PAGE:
“But most businesses are NOT like that; they have a ton of ‘one-off’ software custom-written for them, so ALL of that will have to be converted,” he added. “Depending on the size of the org, that can be several hundred thousand to several million.”

‘More Can Be Done on Linux’

Last but not least, Chris Travers, a blogger who works on the LedgerSMB project, took a higher-level view.

“Honestly, it wouldn’t surprise me if the study was correct on figures, but my experience is that such numbers tend to be used by Microsoft in misleading ways,” Travers told Linux Girl.

“The fact is that migration tends to be expensive both in the short and medium run,” he explained. “The cost isn’t what’s required to get back to the base functionality, but the fact that often more can be done on Linux, which tends to cost more in IT but may save money elsewhere, or lead to other important benefits.

“Often outsiders think that you just replace Windows with Linux and a migration can be done this way, but to really leverage Linux, often a great deal more has to be done in terms of rethinking the general IT structure,” he pointed out.

‘A Strategic Investment’

In fact, “the studies I have seen (and this does include the various studies that Microsoft pushed in their previous ‘Get the Facts’ campaign) show that many organizations which migrate end up treating it not as a simple cost-saving migration but as a strategic investment,” Travers pointed out.

“This means extra costs for consultants, but it also means that one often gets a much more closely tailored solution than one could get with commercial software,” he noted.

“This strongly suggests to me that if folks are paying more, it is not because they have to so much as they expect benefits from that investment,” Travers concluded. “These benefits are often realized down the road, and they come in many forms, ranging from greater flexibility in operations to more efficient operations.”

Katherine Noyes has been writing from behind Linux Girl's cape since late 2007, but she knows how to be a reporter in real life, too. She's particularly interested in space, science, open source software and geeky things in general. You can also find her on Twitter and Google+.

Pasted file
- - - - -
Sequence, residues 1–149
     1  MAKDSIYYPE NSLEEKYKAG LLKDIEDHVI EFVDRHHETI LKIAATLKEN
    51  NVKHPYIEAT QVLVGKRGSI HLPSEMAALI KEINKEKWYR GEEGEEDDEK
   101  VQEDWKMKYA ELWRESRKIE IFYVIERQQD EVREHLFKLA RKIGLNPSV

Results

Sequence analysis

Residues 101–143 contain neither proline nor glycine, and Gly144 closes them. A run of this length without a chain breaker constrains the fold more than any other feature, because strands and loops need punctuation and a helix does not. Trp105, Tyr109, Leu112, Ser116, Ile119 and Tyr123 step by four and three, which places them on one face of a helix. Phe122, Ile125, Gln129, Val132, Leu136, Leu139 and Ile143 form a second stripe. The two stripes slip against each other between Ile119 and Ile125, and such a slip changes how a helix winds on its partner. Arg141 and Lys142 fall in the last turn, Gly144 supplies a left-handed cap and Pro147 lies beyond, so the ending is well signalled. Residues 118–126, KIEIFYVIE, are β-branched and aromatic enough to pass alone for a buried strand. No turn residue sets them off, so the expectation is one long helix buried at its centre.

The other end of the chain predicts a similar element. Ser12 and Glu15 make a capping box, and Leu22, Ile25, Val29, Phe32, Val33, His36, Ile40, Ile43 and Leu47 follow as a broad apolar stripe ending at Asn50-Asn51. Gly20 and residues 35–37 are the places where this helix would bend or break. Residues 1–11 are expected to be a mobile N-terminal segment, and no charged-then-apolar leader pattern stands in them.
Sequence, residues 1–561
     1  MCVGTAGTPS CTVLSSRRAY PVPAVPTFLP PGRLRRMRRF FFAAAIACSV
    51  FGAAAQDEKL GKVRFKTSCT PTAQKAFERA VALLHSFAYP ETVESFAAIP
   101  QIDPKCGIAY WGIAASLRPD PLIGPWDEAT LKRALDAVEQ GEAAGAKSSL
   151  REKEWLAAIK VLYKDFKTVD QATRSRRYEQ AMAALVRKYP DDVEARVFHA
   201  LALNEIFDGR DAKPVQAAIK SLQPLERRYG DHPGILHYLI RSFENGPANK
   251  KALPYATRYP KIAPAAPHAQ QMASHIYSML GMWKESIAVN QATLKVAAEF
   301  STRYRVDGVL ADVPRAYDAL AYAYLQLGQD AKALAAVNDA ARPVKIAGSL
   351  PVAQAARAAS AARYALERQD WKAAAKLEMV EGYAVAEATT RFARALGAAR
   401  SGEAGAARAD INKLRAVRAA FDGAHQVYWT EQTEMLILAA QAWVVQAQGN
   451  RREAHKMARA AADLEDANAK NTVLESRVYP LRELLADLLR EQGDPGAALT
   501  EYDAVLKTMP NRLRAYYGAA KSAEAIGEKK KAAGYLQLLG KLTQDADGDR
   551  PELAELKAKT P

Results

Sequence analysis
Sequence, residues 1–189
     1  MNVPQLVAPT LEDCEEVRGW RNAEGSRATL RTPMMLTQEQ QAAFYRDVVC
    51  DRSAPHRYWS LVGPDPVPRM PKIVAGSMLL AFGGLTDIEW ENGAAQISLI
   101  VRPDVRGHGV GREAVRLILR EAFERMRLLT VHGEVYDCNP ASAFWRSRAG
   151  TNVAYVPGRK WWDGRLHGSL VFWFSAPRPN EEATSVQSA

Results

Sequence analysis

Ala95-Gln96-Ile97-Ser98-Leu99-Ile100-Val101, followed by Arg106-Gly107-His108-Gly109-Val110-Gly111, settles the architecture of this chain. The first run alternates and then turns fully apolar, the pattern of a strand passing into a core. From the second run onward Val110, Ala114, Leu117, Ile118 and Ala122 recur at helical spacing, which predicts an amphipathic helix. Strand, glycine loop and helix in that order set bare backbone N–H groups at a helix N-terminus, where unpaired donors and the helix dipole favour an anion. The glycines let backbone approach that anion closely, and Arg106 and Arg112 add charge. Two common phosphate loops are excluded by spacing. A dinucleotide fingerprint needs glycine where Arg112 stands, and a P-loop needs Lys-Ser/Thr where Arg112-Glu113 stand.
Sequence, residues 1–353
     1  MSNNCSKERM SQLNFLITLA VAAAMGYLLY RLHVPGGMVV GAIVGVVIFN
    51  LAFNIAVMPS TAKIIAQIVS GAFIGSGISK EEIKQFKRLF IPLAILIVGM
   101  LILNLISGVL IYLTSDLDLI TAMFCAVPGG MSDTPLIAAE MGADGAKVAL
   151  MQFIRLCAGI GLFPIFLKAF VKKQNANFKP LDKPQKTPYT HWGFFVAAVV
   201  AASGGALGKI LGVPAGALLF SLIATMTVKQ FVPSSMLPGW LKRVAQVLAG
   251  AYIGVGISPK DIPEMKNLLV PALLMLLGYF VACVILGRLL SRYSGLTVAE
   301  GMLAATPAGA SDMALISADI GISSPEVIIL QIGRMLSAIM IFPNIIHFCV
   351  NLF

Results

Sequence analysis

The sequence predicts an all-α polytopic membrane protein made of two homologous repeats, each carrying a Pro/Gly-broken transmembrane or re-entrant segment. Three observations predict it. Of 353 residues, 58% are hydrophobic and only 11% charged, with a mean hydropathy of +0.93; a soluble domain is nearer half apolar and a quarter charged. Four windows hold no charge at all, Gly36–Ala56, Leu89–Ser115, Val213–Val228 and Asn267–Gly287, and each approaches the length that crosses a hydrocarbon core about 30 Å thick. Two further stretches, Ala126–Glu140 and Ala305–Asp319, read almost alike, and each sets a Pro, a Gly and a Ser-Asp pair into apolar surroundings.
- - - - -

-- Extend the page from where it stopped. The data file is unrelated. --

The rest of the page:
• Hairyfeet’s claim that enterprises would have to rewrite *all* of their custom software to move to Linux is clearly a worst-case rather than typical scenario.

    My current employer moved hundreds of desktops to Linux, including several million lines of custom apps, with very little rework – because those apps were written in Java, Python and Perl.

    Only teams foolish enough to develop their custom apps in Microsoft-proprietary technologies are stuck on the burning platform (so to speak). The rest of us are free to optimize for best ROI – which this year, in our case, was Linux.

    • Because as somebody that has supported SMBs for years and did corporate for quite awhile before that I can tell you that your company? NOT in any way shape or form the norm.

      What is the norm is usually this Frankenstein’s monster mix of in house and solutions to various problems written by all these different companies and let me tell you if you think MSFT’s formats are bad? Then you haven’t been down in the trenches much because their formats are like an open book compared to some of the stuff I’ve seen.

      At the end of the day it ALL comes down to the simple fact that the cost of the OS means practically nothing to most businesses, when you look at all the other costs the price of Windows and Office don’t even make it into the top 30 of most budgets. What DOES end up costing a mint is getting all the data out of the funky formats and paying somebody to rewrite all the software from scratch or having to hire somebody to write replacements for all the software that a business uses that does NOT exist on Linux.